Open access peer-reviewed chapter

Virtual Reality in Stereometry Training

Written By

Penio Lebamovski

Submitted: 26 July 2022 Reviewed: 26 August 2022 Published: 13 October 2022

DOI: 10.5772/intechopen.107422

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A new stereoscopic system is presented in this chapter for training in stereometry. Virtual reality systems are two types: immersion and non-immersion. An example of a environments with immersion is the desktop computer in which the virtual world is displayed on a special stereoscopic monitor through 3D glasses. The HMD (Head Mounted Display) virtual helmet is an example of an immersion system. The new stereoscopic system can also implement both types of 3D technology. At the same time, the software can generate objects in the .obj file extension to print to a 3D printer or add to a virtual reality device. The 3D technology is one of the fastest-growing. Over the last decade, it has found application in almost all spheres of society, including education. In learning stereometry, a problem may arise in drawing the geometric figures, unlike planimetry, where the drawing 100% coincides with its original. The problem can be solved with the help of specialized 3D software.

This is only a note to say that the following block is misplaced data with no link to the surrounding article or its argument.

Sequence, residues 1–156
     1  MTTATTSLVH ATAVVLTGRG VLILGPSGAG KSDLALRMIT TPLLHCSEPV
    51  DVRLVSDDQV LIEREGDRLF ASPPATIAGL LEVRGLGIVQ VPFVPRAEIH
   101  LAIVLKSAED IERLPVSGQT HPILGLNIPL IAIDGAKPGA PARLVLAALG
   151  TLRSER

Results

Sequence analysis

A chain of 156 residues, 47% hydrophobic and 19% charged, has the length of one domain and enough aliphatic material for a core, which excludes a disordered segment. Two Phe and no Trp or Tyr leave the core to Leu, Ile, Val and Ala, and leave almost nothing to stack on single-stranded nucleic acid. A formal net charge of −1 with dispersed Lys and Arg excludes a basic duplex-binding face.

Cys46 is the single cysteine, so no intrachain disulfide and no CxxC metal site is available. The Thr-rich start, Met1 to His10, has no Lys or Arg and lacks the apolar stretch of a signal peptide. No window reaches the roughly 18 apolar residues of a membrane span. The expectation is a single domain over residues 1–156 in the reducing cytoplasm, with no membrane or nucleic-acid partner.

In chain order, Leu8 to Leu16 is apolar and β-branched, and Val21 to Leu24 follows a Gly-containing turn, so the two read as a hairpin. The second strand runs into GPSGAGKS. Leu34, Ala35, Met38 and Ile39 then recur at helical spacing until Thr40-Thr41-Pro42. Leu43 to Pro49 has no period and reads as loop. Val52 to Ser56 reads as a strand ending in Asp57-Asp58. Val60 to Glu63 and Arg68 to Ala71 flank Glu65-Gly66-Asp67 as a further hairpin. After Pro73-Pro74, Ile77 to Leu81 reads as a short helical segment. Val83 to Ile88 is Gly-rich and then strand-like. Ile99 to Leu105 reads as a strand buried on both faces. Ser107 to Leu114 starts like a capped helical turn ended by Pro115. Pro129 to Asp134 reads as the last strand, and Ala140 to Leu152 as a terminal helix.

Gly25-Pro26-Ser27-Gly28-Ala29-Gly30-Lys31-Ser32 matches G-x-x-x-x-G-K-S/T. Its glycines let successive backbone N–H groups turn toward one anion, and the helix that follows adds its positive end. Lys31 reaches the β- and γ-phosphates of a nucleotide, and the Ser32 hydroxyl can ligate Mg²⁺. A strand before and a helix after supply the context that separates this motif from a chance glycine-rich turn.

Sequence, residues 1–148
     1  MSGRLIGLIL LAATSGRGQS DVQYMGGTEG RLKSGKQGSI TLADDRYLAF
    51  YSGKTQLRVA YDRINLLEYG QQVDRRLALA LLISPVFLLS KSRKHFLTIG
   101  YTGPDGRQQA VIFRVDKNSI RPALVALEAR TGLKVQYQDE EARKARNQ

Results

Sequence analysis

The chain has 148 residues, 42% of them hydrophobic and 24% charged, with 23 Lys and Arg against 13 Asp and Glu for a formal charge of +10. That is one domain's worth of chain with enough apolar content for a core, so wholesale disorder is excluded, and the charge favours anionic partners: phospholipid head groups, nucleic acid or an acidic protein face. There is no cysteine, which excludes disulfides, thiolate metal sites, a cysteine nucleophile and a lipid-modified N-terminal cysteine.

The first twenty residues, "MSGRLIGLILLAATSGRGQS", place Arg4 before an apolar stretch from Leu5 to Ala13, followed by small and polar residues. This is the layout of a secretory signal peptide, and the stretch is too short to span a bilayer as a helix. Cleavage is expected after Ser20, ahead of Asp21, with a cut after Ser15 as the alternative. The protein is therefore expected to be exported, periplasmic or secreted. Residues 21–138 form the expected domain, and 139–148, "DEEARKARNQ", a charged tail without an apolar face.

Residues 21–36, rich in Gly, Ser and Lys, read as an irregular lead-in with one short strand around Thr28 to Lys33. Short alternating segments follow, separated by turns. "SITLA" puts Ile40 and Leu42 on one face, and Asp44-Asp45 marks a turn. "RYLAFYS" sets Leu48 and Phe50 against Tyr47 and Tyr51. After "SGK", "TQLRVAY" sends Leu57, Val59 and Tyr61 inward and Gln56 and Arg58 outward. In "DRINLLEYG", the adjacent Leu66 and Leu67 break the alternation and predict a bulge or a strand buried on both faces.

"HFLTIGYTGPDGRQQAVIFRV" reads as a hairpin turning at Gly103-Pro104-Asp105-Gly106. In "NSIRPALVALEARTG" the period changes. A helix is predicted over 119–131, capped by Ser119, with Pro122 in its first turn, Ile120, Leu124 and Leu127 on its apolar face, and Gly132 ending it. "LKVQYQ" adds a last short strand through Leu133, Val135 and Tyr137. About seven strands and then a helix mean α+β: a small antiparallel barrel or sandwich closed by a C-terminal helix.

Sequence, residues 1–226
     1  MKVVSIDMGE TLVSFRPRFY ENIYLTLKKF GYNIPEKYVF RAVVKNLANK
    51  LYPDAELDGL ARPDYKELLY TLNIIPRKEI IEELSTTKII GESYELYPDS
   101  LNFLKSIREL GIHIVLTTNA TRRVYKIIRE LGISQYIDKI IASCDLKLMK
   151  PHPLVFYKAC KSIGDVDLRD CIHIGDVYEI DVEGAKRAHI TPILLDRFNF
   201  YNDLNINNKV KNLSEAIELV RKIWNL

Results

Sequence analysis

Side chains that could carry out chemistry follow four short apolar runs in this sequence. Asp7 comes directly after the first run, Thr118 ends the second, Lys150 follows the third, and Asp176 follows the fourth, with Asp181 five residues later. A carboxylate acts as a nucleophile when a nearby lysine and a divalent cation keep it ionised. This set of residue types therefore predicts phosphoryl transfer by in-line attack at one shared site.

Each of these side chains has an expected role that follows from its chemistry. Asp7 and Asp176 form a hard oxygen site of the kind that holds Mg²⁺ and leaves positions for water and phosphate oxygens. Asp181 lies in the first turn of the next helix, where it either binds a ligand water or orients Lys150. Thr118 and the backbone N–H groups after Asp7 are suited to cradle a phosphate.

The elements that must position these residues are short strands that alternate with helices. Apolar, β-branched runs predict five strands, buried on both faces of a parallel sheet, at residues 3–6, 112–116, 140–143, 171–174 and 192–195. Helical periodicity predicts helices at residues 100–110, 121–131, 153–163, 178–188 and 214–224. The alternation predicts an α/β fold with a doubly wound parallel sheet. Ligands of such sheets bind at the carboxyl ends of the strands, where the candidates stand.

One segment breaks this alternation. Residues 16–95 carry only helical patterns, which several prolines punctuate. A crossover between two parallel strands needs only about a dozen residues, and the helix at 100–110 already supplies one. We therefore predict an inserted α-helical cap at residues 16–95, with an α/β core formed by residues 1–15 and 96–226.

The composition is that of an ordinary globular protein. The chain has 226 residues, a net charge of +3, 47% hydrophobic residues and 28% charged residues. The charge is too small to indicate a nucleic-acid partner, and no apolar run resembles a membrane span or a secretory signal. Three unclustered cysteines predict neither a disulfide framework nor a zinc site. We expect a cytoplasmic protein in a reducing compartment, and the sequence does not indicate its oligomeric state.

• boundary method
  • extrude
  • stereometry
  • stereo system
  • virtual reality

1. Introduction